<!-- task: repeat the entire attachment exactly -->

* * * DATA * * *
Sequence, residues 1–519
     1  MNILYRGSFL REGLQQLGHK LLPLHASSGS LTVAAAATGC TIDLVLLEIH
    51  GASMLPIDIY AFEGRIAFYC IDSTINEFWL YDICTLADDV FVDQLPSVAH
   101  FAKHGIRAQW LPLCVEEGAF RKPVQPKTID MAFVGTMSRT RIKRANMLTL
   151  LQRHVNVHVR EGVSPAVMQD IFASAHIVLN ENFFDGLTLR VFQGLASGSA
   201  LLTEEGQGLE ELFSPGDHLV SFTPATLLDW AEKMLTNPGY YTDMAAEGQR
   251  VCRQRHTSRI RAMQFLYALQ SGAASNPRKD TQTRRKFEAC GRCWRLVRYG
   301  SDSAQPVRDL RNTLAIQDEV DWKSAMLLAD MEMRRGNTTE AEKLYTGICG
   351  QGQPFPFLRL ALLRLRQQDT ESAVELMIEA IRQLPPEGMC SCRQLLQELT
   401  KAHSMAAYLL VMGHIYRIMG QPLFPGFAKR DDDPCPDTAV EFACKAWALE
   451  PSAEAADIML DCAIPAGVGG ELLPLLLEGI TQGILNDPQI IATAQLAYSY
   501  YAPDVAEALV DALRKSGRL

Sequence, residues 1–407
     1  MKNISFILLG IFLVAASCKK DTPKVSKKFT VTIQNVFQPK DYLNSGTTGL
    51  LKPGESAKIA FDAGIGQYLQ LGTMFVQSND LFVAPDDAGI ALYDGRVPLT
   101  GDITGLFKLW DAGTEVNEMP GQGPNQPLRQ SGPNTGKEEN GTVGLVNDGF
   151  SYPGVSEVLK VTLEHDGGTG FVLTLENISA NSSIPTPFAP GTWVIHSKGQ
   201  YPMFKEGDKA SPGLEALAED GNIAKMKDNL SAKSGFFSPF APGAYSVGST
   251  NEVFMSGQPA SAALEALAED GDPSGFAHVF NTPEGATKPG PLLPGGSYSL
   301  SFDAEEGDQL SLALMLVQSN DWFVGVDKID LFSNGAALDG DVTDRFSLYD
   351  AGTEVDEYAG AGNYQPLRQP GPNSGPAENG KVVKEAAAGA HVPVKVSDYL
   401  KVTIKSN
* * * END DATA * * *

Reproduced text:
Sequence, residues 1–519
     1  MNILYRGSFL REGLQQLGHK LLPLHASSGS LTVAAAATGC TIDLVLLEIH
    51  GASMLPIDIY AFEGRIAFYC IDSTINEFWL YDICTLADDV FVDQLPSVAH
   101  FAKHGIRAQW LPLCVEEGAF RKPVQPKTID MAFVGTMSRT RIKRANMLTL
   151  LQRHVNVHVR EGVSPAVMQD IFASAHIVLN ENFFDGLTLR VFQGLASGSA
   201  LLTEEGQGLE ELFSPGDHLV SFTPATLLDW AEKMLTNPGY YTDMAAEGQR
   251  VCRQRHTSRI RAMQFLYALQ SGAASNPRKD TQTRRKFEAC GRCWRLVRYG
   301  SDSAQPVRDL RNTLAIQDEV DWKSAMLLAD MEMRRGNTTE AEKLYTGICG
   351  QGQPFPFLRL ALLRLRQQDT ESAVELMIEA IRQLPPEGMC SCRQLLQELT
   401  KAHSMAAYLL VMGHIYRIMG QPLFPGFAKR DDDPCPDTAV EFACKAWALE
   451  PSAEAADIML DCAIPAGVGG ELLPLLLEGI TQGILNDPQI IATAQLAYSY
   501  YAPDVAEALV DALRKSGRL

Sequence, residues 1–407
     1  MKNISFILLG IFLVAASCKK DTPKVSKKFT VTIQNVFQPK DYLNSGTTGL
    51  LKPGESAKIA FDAGIGQYLQ LGTMFVQSND LFVAPDDAGI ALYDGRVPLT
   101  GDITGLFKLW DAGTEVNEMP GQGPNQPLRQ SGPNTGKEEN GTVGLVNDGF
   151  SYPGVSEVLK VTLEHDGGTG FVLTLENISA NSSIPTPFAP GTWVIHSKGQ
   201  YPMFKEGDKA SPGLEALAED GNIAKMKDNL SAKSGFFSPF APGAYSVGST
   251  NEVFMSGQPA SAALEALAED GDPSGFAHVF NTPEGATKPG PLLPGGSYSL
   301  SFDAEEGDQL SLALMLVQSN DWFVGVDKID LFSNGAALDG DVTDRFSLYD
   351  AGTEVDEYAG AGNYQPLRQP GPNSGPAENG KVVKEAAAGA HVPVKVSDYL
   401  KVTIKSN